Ways to Cope While They're Away
Having a loved one sent to war can be difficult for those left behind. These five tips will help you stay positive.
Going about daily life while a family member is sent off to war can be very difficult not to mention intensely stressful. Marci Seither’s youngest son had a hard time in school after his older brother was deployed; my world was changed when my husband was assigned to Iraq. But no matter how hard it seems, there are things you can do to ease your worries. Try these suggestions. They helped me and other families I know stay connected and calmer.
1. Turn stress into support.
Have fun putting together care packages and writing letters to your son or daughter, spouse or sibling. The best thing you can do for both of you is to let them know they're missed and keep them connected with what's happening at home.
2. Send pictures.
Sharing photos of the family at special events and just everyday moments will lift their spirits.
Best-selling author and pastor, Dr. Peale uses the Bible as a guide for navigating through life's problems.
3. Keep a countdown for homecoming.
Using two large glass jars and marbles, mark one as “Days to Go” and one as “Almost Home.” Add one marble for every day your service member is expected away in the “Days to Go” jar (It's also smart to add extra just in case.) and transfer a marble each day to the other jar. This is a great visual way to see time pass. Every three months or so, take a picture of the jars and send it to your deployed loved one so they can see it too!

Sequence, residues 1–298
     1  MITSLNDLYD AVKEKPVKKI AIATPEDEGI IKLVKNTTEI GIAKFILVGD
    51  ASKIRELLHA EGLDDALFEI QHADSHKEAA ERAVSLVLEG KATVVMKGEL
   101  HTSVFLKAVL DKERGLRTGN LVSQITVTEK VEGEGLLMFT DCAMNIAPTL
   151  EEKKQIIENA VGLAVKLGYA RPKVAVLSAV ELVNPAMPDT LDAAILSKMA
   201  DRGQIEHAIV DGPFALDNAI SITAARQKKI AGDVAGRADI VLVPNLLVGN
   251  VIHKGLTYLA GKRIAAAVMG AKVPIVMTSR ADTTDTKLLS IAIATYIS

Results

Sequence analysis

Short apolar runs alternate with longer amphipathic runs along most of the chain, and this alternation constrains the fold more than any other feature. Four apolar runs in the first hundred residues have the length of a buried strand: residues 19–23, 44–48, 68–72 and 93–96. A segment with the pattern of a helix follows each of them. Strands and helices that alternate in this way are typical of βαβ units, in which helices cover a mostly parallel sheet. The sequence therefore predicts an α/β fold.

4. Connect with other parents of deployed service members.
Start a support group at your church or go online and join one of the many forums, websites and blogs on the web. I would recommend:
- Military OneSource, a program that provides resources and support to active-duty, National Guard and Reserve service members and their families anywhere in the world;
- Military Ministry, serving military members, veterans, and families through direct ministry and partnerships with chaplains, churches and organizations to help build spiritual strength; and
- Faith Deployed, a site created as an extension of Jocelyn Green’s book, Faith Deployed: Daily Encouragement for Military Wives, as a way to continue offering encouragement, strength, community and hope to the heroes at home.
5. If your deployed son or daughter is married, let the spouse know you are ready to help.
Call and check in with them. Be reserved, however, about talking out your fears or worries for your child's safety. They have enough concerns to deal with. Instead, use a friend or other family member for those specific conversations.
Sara Horn covered stories in Iraq as a journalist during the first year of the war. In 2007, her husband was deployed, which led her to reach out to others coping with loved ones in the military. She is now the director of external relations for the College of Christian Studies at Anderson University and the author of God Strong and the Bible study, Tour of Duty, both released in 2010. Visit her websites, sarahorn.com and wivesoffaith.org.